What Is Cardiovascular Endurance?

Medically Reviewed by Tyler Wheeler, MD on February 27, 2024
3 min read

Cardiovascular endurance is a measure of how well you can do exercises that involve your whole body at moderate to high intensity for an extended time. Improving your cardiovascular endurance can make it easier for you to carry out your daily tasks. It can also lessen your risk of diseases such as diabetes, heart disease, and stroke. 

You can raise your level of cardiovascular endurance by doing exercises that increase your heart and breathing rates, or aerobic exercise. According to many experts, aerobic exercise is the most important part of physical fitness. To achieve cardiovascular endurance, you should exercise aerobically 30 minutes per day, 3 to 7 days per week.

When you do aerobic exercise, your body responds in the following ways:

  • Your heart pumps more efficiently.
  • Your lungs work better.
  • Your blood volume and delivery system are improved.
  • Your resting heart rate is lowered.
  • Your heart pumps out more blood.
  • Your muscles get stronger.
  • Your ligaments, tendons, and bones get stronger.
  • Your body is more able to use fat as an energy source. 

As you increase your cardiovascular endurance through aerobic exercise, you'll get stronger and fitter. You'll also reap the following benefits: 

Lowered risk of disease. Aerobic exercise reduces your risk of developing many diseases, including: 

Better strength and stamina. Your heart and lungs will get stronger as you exercise. You'll also gain bone and muscle fitness. You may feel tired when you first start exercising, but you'll develop stamina over time.

A more active immune system. You're less likely to catch viral illnesses such as colds and flu if you're a regular exerciser. Your immune system is activated by aerobic exercise. 

Managed weight. Aerobic exercise, together with a healthy diet, can help you lose weight and keep it off.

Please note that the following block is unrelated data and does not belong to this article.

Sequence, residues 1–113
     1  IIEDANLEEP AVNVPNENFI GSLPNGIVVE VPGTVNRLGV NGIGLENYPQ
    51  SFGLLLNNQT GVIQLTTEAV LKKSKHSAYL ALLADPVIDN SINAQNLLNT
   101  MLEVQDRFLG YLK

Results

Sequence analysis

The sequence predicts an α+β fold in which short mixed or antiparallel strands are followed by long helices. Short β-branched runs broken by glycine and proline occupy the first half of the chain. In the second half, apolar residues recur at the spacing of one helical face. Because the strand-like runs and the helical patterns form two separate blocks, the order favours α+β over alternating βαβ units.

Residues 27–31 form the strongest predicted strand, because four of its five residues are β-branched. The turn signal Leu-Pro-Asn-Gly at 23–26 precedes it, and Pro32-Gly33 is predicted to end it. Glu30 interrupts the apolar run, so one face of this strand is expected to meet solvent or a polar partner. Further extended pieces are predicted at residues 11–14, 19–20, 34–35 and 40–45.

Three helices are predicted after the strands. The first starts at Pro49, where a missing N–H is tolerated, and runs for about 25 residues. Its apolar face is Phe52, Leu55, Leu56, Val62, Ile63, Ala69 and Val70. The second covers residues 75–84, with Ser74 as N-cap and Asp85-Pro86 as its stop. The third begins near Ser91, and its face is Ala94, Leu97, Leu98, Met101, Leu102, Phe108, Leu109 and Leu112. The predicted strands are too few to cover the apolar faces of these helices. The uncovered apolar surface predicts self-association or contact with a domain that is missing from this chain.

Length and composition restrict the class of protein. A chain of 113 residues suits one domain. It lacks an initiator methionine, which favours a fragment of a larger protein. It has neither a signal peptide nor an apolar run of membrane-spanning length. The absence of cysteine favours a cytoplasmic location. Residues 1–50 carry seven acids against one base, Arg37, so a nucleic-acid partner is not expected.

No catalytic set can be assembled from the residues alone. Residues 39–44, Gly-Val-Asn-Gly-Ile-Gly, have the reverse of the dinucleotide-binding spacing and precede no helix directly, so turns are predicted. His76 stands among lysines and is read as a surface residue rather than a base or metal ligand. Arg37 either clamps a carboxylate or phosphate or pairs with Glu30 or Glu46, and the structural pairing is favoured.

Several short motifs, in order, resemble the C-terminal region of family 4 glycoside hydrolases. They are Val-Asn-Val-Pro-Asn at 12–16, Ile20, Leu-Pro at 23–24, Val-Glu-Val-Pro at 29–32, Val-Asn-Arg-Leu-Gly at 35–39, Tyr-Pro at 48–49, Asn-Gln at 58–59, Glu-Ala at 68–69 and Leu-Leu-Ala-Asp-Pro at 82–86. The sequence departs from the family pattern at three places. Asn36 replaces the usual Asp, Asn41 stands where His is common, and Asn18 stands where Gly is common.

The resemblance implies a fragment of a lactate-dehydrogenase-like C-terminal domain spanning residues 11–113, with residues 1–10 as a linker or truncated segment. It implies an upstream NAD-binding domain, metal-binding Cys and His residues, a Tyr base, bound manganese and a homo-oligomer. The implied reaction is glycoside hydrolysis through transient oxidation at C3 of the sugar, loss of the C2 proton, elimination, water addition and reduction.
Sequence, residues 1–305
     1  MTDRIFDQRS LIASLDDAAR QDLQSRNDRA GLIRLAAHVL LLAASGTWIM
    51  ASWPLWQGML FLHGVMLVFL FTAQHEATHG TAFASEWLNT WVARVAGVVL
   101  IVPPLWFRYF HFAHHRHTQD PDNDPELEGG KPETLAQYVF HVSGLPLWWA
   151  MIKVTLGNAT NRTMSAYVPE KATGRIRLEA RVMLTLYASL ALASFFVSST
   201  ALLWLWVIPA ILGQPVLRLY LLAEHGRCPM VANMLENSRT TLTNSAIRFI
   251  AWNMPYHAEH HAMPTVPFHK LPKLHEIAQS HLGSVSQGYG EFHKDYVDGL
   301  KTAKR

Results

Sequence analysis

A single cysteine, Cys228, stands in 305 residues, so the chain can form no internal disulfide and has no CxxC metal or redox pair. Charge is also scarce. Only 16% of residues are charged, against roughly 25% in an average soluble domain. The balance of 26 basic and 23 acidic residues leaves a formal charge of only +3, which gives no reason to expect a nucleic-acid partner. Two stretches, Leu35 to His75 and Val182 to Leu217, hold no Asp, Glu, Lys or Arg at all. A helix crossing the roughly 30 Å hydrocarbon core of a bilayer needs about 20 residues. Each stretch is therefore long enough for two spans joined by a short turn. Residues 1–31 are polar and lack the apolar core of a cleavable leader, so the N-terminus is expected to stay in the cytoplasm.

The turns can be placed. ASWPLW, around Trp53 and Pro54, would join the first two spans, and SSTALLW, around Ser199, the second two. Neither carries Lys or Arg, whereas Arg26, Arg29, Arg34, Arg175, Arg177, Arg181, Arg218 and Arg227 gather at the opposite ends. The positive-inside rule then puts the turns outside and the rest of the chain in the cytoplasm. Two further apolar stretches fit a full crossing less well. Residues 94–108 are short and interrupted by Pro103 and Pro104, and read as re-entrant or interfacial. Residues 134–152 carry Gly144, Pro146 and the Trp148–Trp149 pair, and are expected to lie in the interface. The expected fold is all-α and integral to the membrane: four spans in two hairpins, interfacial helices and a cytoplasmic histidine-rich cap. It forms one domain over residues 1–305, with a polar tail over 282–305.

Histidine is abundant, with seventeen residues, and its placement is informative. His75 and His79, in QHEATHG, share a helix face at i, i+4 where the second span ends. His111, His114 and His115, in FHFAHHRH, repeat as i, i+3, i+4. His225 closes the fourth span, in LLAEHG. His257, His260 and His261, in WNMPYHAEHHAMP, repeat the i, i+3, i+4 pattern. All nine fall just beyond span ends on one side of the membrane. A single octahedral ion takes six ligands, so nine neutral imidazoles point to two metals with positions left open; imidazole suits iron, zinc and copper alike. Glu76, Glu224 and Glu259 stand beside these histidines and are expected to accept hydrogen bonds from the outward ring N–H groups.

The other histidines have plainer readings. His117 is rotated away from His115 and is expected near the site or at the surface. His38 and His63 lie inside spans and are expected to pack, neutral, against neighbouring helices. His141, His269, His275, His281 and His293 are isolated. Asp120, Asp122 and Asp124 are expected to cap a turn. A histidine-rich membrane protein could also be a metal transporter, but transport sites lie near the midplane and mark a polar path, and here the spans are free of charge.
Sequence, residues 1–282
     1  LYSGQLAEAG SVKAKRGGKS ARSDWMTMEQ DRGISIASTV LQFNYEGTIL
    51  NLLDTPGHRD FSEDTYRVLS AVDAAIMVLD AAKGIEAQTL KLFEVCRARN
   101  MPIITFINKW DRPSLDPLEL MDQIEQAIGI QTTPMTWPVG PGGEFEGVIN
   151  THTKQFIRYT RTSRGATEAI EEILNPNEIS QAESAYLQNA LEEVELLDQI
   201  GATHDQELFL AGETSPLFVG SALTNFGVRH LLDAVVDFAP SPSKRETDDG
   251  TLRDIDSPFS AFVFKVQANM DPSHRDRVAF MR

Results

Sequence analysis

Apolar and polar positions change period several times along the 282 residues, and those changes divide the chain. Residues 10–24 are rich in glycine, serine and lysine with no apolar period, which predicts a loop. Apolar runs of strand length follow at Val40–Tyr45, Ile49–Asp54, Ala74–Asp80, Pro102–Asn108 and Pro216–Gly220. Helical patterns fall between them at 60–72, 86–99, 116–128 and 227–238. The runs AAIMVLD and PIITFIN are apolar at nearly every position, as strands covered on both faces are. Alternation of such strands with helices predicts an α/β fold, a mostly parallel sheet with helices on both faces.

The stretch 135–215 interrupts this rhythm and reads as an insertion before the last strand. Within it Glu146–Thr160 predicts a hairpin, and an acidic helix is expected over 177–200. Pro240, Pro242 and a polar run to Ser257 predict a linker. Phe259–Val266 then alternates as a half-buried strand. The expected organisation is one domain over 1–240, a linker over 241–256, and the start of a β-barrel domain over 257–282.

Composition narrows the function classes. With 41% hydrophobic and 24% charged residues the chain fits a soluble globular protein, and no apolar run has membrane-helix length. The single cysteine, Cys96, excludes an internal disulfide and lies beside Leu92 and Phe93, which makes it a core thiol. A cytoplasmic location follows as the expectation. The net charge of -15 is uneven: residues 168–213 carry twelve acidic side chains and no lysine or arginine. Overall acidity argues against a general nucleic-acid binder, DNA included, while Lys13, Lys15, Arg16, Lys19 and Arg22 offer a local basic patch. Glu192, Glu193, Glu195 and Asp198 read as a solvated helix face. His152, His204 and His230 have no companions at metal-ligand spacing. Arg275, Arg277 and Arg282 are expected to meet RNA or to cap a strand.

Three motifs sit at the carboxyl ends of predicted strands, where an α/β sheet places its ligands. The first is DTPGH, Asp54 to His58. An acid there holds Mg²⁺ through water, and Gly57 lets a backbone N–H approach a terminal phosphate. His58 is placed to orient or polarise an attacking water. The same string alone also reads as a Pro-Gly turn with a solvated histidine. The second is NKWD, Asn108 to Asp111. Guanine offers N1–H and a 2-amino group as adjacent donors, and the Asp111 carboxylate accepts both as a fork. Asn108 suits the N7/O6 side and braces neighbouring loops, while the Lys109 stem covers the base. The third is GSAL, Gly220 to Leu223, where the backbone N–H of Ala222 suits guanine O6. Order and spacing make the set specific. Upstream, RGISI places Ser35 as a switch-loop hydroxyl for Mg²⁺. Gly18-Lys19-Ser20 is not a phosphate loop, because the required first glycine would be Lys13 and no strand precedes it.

Stronger bones. Weight-bearing aerobic exercise, such as walking, can help reduce your risk of developing osteoporosis

Better mood. Aerobic exercise may help you relieve tension and anxiety. It may also help you relax and sleep better. For some people, exercise is as effective as antidepressants at lessening depression.  

Staying independent longer. Exercising makes you stronger and can help you stay mobile longer. It can also lower your risk of falls and injuries. Fitness will improve the quality of your life as you age.   

Fewer unhealthy behaviors. Time spent exercising is better than that spent smoking, drinking alcohol, or gambling. Exercise may also help regulate overeating. 

Almost everyone can benefit from physical exercise. However, not every exercise is right for everyone. Talk to your doctor about the best type of exercise for you. 

Start simple. If you're new to exercise, you may benefit from as little as 15 minutes of exercise. Work your way up to 30 minutes per day at least 3 days per week. Doing this should result in a measurable improvement in your cardiovascular endurance in eight to 12 weeks.  

Pick something you enjoy. Aerobic exercise is any nonstop activity that uses your large muscles and makes your heart and lungs work harder. You can pick one you enjoy or rotate through many different ones. Some examples include:

Don't overdo it. Doing the same type of exercise more than 5 days per week puts you at a higher risk for injuries. If you want to work out more than 5 days per week, change it up with exercises that use different muscle groups. Do some low- and then some high-impact activities to avoid too much stress on your joints and muscles.

Gradually work up. You should aim to push yourself slightly more than your normal movement level. Bump up your speed or distance no more than 10% to 20% each week. You should feel challenged, but not completely exhausted. For every 10 minutes you exercise, add 1 or 2 minutes weekly. 

Warm up, cool down, and stretch. Start by working at a low level for 5 to 10 minutes to warm up. Then gradually build up how hard you work until you reach your limit.

After you finish working at full intensity, slow down for 5 to 10 minutes before you stop. Stretch at this point, since your muscles will be warmed up.